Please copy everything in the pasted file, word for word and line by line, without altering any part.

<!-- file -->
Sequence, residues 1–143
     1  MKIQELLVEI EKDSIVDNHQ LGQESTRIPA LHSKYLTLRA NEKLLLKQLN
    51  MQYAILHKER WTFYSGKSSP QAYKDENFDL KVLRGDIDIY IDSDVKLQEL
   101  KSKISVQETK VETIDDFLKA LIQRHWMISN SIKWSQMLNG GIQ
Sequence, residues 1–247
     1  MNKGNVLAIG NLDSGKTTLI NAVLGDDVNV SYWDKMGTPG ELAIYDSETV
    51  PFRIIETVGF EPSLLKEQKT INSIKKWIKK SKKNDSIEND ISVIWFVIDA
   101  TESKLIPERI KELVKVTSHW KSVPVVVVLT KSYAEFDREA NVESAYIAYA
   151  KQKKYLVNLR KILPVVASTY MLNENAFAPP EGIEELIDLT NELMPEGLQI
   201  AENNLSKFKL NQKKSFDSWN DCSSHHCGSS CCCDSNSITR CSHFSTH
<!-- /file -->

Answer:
Sequence, residues 1–143
     1  MKIQELLVEI EKDSIVDNHQ LGQESTRIPA LHSKYLTLRA NEKLLLKQLN
    51  MQYAILHKER WTFYSGKSSP QAYKDENFDL KVLRGDIDIY IDSDVKLQEL
   101  KSKISVQETK VETIDDFLKA LIQRHWMISN SIKWSQMLNG GIQ
Sequence, residues 1–247
     1  MNKGNVLAIG NLDSGKTTLI NAVLGDDVNV SYWDKMGTPG ELAIYDSETV
    51  PFRIIETVGF EPSLLKEQKT INSIKKWIKK SKKNDSIEND ISVIWFVIDA
   101  TESKLIPERI KELVKVTSHW KSVPVVVVLT KSYAEFDREA NVESAYIAYA
   151  KQKKYLVNLR KILPVVASTY MLNENAFAPP EGIEELIDLT NELMPEGLQI
   201  AENNLSKFKL NQKKSFDSWN DCSSHHCGSS CCCDSNSITR CSHFSTH